“Great and Terrible flesh-eating beasts have always shared landscape with humans. They were part of the psychological context in which our sense of identity as a species arose. They were part of the spiritual systems that we invented for coping. The teeth of big predators, their claws, their ferocity and their hunger, were grim realties that could be eluded but not forgotten. Once in a while, a monstrous carnivore emerged like doom from a forest or a river to kill someone and feed on their body. It was a familiar sort of disaster – like auto-fatalities today – that must have seemed freshly, shockingly gruesome each time, despite the familiarity. And it conveyed a certain message. Amongst the earliest forms of human self-awareness was the awareness of being meat.”
Just to prove I’m not all doom, gloom, socialist bloom and high artistic nonsense, I brought in my first impressions about a book on large predators, Monster of God by David Quammen. The sub-title says it all: the man-eating predator in the jungles of history and the mind. Quammen’s self-stated goal is to plum the depths of the relationship between those
large predators capable of eating man, and who frequently done so, and us as a species and civilization. This book is not full of hard science about ecology, zoology or biology, as it is obviously aimed at a general, interested reader (I’m a little more then general, but still, we all need to start someplace). It was an easy, engrossing and intelligent read. Quammen
is a science journalist rather than a scientist, and it shows in his writing: accessible, fast-paced, good at summarising details and information, condensing it down without losing the importance of what he has described, or as tends to happen with some science writing in newspapers, trivialises, sensationalises or dismisses the information. He has a real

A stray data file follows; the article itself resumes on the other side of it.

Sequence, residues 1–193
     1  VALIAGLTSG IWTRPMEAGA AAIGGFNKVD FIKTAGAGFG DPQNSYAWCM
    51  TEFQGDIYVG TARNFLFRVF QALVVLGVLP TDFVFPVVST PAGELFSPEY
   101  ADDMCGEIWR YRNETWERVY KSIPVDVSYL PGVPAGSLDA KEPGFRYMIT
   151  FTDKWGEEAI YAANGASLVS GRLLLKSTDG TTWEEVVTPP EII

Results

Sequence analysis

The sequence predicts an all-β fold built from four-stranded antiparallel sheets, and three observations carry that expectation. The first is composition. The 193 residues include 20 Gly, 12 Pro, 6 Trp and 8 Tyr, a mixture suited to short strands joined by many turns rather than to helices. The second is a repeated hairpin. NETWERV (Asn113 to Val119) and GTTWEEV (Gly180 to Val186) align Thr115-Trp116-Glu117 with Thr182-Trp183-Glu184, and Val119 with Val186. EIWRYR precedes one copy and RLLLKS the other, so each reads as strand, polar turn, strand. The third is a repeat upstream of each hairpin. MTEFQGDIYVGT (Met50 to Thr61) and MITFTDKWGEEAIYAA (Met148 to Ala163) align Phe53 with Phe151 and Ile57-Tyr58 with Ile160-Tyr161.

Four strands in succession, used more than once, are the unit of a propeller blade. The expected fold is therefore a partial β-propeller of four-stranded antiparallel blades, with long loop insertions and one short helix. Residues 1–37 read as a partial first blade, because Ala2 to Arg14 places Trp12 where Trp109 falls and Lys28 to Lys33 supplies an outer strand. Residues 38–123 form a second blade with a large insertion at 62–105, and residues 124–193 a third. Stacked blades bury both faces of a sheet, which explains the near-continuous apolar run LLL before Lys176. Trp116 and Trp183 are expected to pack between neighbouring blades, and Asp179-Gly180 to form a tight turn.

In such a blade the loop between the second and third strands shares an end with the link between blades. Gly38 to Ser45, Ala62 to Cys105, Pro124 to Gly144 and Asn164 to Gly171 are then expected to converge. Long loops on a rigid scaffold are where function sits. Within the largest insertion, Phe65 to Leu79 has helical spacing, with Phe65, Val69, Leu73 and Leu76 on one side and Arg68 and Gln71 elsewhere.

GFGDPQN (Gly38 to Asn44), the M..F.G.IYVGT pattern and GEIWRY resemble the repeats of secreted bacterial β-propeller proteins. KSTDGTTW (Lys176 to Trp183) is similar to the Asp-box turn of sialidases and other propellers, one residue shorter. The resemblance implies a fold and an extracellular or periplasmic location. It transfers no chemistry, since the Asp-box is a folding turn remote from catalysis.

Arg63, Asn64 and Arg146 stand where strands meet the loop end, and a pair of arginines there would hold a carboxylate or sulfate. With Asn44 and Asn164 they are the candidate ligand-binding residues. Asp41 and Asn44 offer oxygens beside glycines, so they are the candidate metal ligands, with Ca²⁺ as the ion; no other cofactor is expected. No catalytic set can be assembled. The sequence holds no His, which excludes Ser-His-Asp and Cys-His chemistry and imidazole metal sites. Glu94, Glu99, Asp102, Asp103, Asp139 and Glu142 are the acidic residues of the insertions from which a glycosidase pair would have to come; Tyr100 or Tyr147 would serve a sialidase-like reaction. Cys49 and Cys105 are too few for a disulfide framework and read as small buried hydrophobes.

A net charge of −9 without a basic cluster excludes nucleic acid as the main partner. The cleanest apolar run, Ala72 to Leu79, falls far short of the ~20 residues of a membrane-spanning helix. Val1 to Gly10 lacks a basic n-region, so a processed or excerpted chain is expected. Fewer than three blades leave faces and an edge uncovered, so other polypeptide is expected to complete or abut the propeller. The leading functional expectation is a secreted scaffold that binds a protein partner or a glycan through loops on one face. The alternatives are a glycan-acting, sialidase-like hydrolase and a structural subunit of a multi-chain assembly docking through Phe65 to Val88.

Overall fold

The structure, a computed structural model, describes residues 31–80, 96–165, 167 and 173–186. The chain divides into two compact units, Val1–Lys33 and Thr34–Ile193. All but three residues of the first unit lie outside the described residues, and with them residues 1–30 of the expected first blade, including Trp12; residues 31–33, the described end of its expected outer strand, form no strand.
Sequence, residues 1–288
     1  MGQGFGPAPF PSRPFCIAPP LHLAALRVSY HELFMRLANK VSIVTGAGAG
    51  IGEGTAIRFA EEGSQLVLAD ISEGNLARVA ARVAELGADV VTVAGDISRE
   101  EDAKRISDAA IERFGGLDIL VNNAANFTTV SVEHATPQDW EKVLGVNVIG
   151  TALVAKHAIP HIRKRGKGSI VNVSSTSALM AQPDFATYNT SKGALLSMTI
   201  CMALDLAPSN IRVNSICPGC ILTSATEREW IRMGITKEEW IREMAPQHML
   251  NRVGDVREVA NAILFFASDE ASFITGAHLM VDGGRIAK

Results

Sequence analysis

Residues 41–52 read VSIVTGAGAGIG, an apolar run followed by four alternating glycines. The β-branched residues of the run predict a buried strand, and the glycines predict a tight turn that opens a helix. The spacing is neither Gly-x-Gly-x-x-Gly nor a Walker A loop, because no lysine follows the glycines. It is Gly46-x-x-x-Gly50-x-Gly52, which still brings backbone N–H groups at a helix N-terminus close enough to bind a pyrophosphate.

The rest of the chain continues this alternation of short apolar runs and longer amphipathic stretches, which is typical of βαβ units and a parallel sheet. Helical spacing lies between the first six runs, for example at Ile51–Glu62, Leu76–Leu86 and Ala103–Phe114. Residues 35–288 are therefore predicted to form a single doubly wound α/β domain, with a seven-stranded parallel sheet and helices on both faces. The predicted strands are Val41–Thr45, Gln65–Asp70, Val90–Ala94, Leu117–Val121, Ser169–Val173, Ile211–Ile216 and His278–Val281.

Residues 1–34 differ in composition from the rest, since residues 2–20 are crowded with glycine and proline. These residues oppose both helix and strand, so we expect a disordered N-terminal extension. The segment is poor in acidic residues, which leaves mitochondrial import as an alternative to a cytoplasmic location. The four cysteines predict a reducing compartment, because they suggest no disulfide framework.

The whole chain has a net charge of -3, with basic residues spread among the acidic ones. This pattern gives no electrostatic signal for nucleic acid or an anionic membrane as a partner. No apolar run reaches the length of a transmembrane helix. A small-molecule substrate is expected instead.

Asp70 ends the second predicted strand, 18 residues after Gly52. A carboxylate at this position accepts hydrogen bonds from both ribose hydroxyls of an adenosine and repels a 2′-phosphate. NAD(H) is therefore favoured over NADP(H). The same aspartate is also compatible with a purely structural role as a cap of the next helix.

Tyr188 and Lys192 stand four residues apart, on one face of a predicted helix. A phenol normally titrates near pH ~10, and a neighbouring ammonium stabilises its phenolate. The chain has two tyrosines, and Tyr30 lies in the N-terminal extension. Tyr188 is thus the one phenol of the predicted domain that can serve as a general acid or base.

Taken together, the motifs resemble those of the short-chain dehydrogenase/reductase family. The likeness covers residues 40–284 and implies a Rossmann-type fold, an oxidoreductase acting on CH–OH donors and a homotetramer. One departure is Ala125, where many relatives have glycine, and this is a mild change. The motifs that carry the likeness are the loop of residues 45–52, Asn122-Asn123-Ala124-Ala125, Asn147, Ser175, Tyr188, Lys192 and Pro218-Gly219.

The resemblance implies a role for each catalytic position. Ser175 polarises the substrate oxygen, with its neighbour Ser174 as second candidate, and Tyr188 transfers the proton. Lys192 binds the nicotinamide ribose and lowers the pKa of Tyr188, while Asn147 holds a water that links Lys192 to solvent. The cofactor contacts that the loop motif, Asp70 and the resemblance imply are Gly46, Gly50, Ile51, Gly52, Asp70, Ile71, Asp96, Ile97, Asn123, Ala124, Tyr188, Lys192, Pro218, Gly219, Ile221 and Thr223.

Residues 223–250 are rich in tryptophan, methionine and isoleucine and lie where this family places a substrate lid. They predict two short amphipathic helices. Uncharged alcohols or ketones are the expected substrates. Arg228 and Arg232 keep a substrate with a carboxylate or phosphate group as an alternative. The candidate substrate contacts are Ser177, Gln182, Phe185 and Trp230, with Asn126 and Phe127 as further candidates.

strength for fleshing out the humans in his story despite the emphasis on predators, few of which, save for the crocodiles, he ever actually sees. He also has a penchant for poor metaphors, but then so do I, so that is hardly a complaint. The book is sometimes lighthearted, when your subject is about the potentional extinction of large predators who prey on humans occasionally, and it is always informative.
Quammen devotes his pages to four large predators. He specifies that the animals he discusses must be generally solitary animals, large in size, have an ambivalent relationship, of prey and predator, towards mankind, and in this case, preferably not the standard African lions, Indian tigers, great white sharks and grizzly bears we are used to. Instead, we get four well-studied but less well known large predators: the Indian, or Gir lion, scientific name Panthera leo persica, a solitary and remnant species of lion isolated in the Gir forest in the Kathiawar peninsula of western India; the salt-water crocodile, Crocodylus porosus, especially the large concentration of the crocodilians along the coasts and salt-water estuaries of Queensland and the Northern Territory, of the Brahmani-Baitarani delta in Orissa State, India, and the Nile Crocodiles in East Africa; the European Brown Bear, specifically the Carpathian subspecies, Ursus arctos formicarius, and its large concentration in Romania; and the Siberian Tiger, more properly the Amur Tiger, Panthera tigris altaica, concentrated along the Amur river, its tributaries and the mountains of Russia’s Maritime Province, or Far East Province. In each case, Quammen travelled extensively, visiting each of the locations of these animals, interacting with both the local peoples who have come to worship, mistrust and exploit, in short, to coexist, with these predators, and the naturalists, trackers, game keepers and scientists who have often spent their lives learning and protecting, and trying to
commercially exploit these animals. As this is a journalistic book, Quammen tracks tigers in Russia by snowmobile and ski, in five layers of clothes; traps, shoots and skins crocodiles in Australia; tracks lions in the Gir Forest, and hikes up Carpathian meadows to converse with sheperds and gamekeepers in Romania. The book is a wealth of anecdotal information and carefully assembled thoughts and interviews with those who know better then most “what it is to be meat”